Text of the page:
In modern times, one cannot however rely on such coercive traditional cultural norms to maintain fertility rates. Most people rebel against them (perhaps, in a few centuries, we will find that small groups that manage to maintain traditional fertility, such as the Mormons and Orthodox Jews, will inherit the Earth). Moderns find it difficult to raise fertility.
The French were greatly concerned about their demographic decline in the nineteenth century, by which they went from being Europe’s preeminent power to merely one great power among several, vulnerable for the first time to German hegemony. France’s various pro-natalist policies were quite ineffective however, although perhaps these eventually bore fruit with the country’s strangely long-lasting postwar baby (France maintained replacement-level fertility long after that it had collapsed in most of the rest of Europe).
Only a few modern countries, it seems to me, have been successful in raising or maintaining fertility: these include Fascist Italy, the Third Reich, and Israel. In each case, pro-natalist policies are not taken in isolation, but reflect an encouraging total context in which children are valued by the entire society and culture, as enabling the survival and power of a particular people.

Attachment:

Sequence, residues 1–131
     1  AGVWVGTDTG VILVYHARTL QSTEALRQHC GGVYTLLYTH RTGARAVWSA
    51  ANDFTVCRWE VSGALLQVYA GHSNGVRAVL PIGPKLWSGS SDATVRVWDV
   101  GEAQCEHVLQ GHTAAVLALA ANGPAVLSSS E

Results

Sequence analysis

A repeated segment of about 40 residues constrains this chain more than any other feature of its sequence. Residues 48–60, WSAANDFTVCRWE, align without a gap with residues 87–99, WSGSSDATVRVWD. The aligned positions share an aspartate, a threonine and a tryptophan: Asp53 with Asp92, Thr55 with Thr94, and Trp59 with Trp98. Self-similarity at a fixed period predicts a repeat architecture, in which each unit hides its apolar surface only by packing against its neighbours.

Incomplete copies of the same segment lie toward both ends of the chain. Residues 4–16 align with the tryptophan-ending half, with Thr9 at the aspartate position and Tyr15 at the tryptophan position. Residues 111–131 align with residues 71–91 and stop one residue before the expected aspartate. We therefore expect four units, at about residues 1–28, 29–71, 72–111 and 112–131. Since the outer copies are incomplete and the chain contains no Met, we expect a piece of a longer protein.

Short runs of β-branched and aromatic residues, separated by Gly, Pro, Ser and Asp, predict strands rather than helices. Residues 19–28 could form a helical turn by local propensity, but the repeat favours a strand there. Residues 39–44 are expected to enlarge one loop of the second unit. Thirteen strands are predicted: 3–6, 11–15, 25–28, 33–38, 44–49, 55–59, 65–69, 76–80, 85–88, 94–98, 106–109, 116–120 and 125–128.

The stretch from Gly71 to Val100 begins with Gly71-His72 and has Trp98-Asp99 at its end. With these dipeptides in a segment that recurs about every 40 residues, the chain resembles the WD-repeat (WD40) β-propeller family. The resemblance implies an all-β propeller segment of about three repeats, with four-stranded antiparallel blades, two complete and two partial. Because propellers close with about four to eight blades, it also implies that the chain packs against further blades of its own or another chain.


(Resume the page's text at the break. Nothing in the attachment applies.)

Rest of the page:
Since the eclipse of Darwinism after 1945 and of communism after 1989, few European countries have really attempted to raise their fertility rates. Today, serious efforts are being made in more and more countries swept by “national-populist” revolutions: namely Hungary, Poland, and most recently Italy. Hungary is the country which has undergone the most profound and lasting of these revolutions since Prime Minister Viktor Orbán came to power in 2010. I would like to go over Hungary’s various natalist policies and consider their degree of success.